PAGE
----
effect of denying the claims for refund of excise taxes paid by the local oil companies.

Factual basis.of other


cited consequences

The reality is that excise tax is an indirect tax usually passed on to the purchaser of the petroleum
products. It is reasonable to conclude that nonrecovery of this cost by the manufacturers and
importers of petroleum products would affect business decisions resulting in higher prices or
deprioritizing aviation customers. However, the dissent dismisses this scenario as mere speculation
despite the huge sum subject of the present case and similar claims for refund filed by oil companies
in accordance with the rules and regulation issued by the BIR.

Parenthetically, even airline companies of the developed countries are facing financial challenges
due to "very high fixed costs" of fleets of aircraft and aircraft staff salaries. Their precarious financial
condition necessitated adjustments to minimize operating expenses and enable them to offer cheap
budget fares to the travelling public. Such survival strategies help avert bankruptcy which will result
in the loss of employment to thousands of airline personnel, inconvenience to business travelers,
and negatively impact the tourism industry.

Further, "tankering," the act of carrying a full fuel tank to avoid paying the tax while travelling outside
one's national territory, is not just an imagined effect cited in Pilipinas Shell. In the 1997
study3 conducted by the Secretariat of the Organization for Economic Cooperation and Development
(OECD), the occurrence of "tankering" was already recognized. It stated that "[M]ore tankering would
occur as a result of an unevenly applied fuel charge, and this might lead to an increase in C02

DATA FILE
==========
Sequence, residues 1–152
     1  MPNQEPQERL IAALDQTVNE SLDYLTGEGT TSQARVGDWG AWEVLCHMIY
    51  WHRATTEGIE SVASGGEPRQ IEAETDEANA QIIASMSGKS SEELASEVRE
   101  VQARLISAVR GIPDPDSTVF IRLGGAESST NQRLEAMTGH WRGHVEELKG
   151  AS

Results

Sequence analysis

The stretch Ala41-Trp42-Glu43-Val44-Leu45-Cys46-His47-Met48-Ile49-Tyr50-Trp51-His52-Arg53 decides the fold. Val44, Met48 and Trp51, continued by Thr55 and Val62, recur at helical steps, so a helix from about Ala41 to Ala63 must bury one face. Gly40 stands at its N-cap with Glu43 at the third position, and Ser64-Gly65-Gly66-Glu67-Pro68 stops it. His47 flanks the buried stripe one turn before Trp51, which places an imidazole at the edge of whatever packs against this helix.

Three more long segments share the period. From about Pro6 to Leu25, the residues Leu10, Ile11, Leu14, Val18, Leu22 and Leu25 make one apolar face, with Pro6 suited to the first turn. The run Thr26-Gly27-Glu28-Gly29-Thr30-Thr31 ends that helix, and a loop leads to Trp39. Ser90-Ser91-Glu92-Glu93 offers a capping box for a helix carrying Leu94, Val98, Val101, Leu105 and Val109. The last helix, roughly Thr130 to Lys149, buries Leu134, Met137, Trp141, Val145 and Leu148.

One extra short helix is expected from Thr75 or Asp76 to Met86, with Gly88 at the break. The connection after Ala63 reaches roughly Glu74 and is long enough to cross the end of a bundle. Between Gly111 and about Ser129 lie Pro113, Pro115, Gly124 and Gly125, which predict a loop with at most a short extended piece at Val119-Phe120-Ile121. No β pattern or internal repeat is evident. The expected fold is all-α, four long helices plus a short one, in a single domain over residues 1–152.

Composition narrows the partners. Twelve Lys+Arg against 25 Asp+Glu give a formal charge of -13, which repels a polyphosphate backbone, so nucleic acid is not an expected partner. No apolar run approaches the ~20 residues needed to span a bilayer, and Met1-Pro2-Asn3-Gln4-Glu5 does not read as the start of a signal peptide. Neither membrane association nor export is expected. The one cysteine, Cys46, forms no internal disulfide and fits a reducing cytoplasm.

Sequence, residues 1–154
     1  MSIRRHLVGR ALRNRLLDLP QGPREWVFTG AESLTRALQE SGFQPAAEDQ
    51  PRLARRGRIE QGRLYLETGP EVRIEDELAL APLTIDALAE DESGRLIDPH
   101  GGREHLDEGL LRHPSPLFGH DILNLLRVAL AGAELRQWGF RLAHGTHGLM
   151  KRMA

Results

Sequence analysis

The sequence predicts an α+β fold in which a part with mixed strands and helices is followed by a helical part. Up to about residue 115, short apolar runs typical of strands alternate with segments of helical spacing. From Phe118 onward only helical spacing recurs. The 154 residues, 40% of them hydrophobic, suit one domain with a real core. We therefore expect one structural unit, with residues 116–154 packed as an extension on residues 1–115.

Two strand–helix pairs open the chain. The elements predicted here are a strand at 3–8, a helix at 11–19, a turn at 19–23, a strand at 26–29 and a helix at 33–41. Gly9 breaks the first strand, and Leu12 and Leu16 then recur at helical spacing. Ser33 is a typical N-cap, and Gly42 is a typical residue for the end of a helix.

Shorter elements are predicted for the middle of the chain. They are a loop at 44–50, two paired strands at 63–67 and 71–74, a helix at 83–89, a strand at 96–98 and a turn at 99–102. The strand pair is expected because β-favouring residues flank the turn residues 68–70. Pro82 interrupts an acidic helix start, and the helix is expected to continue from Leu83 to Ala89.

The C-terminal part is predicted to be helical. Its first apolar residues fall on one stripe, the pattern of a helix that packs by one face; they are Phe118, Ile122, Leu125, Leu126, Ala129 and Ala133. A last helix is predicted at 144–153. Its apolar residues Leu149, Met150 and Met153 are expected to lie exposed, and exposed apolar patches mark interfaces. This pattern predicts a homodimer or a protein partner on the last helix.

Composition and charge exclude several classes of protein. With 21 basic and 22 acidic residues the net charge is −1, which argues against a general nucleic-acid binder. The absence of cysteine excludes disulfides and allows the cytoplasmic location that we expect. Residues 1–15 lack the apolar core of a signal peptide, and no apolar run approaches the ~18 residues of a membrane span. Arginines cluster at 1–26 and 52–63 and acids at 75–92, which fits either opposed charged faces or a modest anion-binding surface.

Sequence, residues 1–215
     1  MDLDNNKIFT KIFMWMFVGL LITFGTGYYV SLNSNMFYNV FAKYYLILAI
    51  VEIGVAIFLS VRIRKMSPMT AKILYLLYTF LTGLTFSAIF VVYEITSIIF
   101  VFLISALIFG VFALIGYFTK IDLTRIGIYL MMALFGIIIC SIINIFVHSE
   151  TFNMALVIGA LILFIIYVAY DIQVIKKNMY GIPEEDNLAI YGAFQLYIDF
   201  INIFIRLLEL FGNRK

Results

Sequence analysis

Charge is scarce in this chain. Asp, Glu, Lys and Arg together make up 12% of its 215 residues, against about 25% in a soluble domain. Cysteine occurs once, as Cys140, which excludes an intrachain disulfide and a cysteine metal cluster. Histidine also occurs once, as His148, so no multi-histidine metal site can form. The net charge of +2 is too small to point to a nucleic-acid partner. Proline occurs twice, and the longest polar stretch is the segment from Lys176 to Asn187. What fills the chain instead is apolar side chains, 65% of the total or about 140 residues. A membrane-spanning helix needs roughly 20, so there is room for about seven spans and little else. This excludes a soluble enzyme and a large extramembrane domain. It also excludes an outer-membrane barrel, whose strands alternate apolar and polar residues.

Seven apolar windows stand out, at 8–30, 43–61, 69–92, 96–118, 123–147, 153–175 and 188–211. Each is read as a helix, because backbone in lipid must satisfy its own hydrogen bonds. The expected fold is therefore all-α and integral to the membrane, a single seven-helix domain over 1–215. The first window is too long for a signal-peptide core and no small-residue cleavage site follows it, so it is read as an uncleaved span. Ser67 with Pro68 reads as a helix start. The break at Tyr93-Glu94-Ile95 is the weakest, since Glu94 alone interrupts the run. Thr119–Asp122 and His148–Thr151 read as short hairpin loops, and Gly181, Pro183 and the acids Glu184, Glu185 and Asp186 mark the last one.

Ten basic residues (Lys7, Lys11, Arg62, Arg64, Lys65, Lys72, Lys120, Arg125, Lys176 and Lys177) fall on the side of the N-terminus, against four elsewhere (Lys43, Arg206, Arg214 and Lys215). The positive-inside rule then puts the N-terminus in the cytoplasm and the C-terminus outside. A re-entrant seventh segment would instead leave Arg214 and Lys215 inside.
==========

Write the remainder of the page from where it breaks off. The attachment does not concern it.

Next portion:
emissions due to the additional weight carried by aircraft."

Claim for refund under


Section 135(c)

It is argued that a claim for refund of the excise taxes paid on petroleum products sold to a tax-
exempt entity under Section 135(c) should be denied as there is nothing therein that provides a tax
refund in favor of the buyers and the sellers of petroleum products. The dissent further points out
that such provision for the refund of excise tax by manufacturers, sellers and importers of petroleum
products should have been expressly included in

Section 130(D) which allows refund or credit of excise taxes paid on locally produced or
manufactured goods subsequently exported. And while Section 135 is construed as a tax exemption
in favor of the buyers, this Court has consistently ruled that they are not entitled to a refund or credit
of the excise taxes paid on the petroleum products because they are not the statutory taxpayers.

It was thus postulated that international carriers and tax exempt entities as buyers could not benefit
from Section 135 of the NIRC considering that this Court has consistently ruled they are not entitled
to a refund or credit of the excise taxes paid on the petroleum products because they are not the
statutory taxpayers. The provision simply exempts them from paying the excise taxes passed on by
manufacturers, sellers and importers to buyers of petroleum products.